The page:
Before I was an author, I was a farmer in York County, Pennsylvania. Together, my husband and I owned Boar-Mor Farms, the farrowing and nursery component of swine production where over four hundred sows produced nine thousand piglets per year. Two miles from the commercial farm was the home farm, and here we built our house, raised two children and nurtured gardens and pets--cows, goats, sheep, rabbits, chickens, horses, burros, dogs and cats. It was a rich but demanding life style, and after more than twenty years we wanted a change. We sold the farm and headed west. I arrived at New Mexico State University in Las Cruces, New Mexico, across the border from Mexico, to study horticulture; I left to write about chile peppers, border crossings and Mexican fiestas. The environment, the culture, the political complexities were so intriguing that I simply had to write about my new world.
Initially, I wrote for magazines until my editor at University Press of Florida pitched an idea for a book, the history of tabloid valley in Palm Beach County, Florida, the home of the six major supermarket tabloids. At the New York Public Library I scrolled through microfiche issues of the 1950s gory New York Enquirer and poured over stacks of the transformed National Enquirer supermarket tabloid in the 1970s. I was hooked; what was the story behind the tabloids?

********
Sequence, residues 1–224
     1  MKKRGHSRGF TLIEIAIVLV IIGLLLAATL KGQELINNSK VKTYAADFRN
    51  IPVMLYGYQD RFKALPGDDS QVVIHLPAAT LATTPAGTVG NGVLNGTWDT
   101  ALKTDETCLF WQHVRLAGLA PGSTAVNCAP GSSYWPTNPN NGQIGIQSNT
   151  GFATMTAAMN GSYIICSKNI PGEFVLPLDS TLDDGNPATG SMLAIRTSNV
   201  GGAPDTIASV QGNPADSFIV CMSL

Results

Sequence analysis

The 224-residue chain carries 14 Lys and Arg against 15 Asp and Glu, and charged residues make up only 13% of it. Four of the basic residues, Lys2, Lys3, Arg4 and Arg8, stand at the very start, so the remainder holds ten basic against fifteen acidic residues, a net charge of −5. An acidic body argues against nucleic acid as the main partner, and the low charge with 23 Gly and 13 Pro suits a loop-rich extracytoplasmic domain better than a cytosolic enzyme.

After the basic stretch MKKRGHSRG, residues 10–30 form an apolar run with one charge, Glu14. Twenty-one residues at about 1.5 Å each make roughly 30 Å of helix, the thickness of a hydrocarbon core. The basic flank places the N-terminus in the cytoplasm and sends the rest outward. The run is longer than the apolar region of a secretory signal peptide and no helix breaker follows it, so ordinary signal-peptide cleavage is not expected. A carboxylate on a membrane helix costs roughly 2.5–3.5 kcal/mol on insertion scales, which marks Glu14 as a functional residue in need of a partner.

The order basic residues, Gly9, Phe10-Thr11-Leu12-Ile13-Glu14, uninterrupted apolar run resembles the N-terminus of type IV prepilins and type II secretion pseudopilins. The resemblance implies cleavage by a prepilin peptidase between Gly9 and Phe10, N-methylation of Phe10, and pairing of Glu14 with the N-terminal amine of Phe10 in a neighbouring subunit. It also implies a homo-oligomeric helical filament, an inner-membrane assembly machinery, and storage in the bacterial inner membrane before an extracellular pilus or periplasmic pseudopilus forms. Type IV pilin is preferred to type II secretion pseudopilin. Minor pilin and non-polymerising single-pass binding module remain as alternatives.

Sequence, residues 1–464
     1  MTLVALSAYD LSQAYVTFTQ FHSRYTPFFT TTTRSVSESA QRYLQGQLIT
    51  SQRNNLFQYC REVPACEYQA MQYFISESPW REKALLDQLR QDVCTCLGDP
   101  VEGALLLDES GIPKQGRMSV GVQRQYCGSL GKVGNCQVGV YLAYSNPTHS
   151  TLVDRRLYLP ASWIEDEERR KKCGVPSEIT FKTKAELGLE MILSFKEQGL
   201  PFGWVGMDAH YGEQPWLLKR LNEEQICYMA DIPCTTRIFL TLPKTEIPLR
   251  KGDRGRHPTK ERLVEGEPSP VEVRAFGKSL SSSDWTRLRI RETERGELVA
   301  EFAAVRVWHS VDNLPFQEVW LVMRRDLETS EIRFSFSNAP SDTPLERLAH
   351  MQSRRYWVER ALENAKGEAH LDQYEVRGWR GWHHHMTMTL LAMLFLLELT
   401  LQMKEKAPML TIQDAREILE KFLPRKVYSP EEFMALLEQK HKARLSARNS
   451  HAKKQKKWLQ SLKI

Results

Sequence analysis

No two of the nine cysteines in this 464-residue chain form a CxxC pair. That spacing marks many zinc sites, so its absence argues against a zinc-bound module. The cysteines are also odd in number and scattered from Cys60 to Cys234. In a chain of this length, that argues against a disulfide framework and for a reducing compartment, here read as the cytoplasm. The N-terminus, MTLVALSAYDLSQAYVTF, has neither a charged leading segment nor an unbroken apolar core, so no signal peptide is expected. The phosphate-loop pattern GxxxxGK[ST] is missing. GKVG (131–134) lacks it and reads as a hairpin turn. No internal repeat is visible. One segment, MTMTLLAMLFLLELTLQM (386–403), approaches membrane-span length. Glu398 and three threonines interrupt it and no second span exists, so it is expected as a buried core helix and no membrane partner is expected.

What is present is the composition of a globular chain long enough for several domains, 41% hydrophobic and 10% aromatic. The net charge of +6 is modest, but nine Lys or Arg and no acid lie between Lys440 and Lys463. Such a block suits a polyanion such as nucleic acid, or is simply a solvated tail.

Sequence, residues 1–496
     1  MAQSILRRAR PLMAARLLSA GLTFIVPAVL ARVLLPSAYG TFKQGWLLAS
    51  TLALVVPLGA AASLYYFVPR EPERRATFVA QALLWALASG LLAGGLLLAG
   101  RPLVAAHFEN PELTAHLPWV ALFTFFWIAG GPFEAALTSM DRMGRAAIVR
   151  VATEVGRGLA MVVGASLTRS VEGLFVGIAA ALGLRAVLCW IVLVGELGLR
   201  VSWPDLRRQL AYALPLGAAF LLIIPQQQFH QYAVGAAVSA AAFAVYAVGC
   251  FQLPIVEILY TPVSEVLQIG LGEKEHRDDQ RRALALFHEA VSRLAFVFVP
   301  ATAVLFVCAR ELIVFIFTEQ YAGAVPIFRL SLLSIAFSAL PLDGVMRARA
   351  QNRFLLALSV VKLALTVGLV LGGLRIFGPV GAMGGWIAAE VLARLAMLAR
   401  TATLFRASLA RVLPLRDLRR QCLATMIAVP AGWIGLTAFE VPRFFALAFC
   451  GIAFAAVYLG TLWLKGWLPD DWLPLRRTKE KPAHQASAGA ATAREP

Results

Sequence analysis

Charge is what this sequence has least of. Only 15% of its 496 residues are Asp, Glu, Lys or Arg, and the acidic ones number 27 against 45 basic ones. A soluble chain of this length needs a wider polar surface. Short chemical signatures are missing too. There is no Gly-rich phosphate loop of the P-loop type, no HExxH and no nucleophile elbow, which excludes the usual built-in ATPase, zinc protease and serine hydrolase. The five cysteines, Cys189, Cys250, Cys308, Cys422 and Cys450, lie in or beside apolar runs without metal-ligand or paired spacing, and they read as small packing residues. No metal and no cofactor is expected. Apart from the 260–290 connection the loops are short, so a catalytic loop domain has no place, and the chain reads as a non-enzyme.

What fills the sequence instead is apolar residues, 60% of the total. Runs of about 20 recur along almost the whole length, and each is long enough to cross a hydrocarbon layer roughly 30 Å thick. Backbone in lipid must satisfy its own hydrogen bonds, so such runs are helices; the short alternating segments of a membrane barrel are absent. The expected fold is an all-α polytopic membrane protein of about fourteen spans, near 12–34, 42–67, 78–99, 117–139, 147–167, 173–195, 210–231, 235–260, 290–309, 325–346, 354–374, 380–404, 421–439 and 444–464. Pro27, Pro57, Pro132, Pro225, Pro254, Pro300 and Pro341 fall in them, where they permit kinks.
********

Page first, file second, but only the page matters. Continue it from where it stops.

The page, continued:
My present book draws me back to the culture of Mexico and the Southwest. Several years ago I worked one day as a temp employee in an immigrant neighborhood tortilleria, bordered to the south by the village of Anapra, Mexico; to the east, El Paso, Texas. The most I knew about tortillas is that they tasted good from a taco truck in New York City and best at the borderlands, handmade and warm off the griddle. I was curious. Who made the first tortilla? Where did the tortilla come from? What is an “authentic” traditional tortilla? Tortillas: A Cultural History, published by the University of New Mexico Press, is a book about the history of the tortilla, from its roots in ancient Mesoamerica to the cross-cultural global tortilla.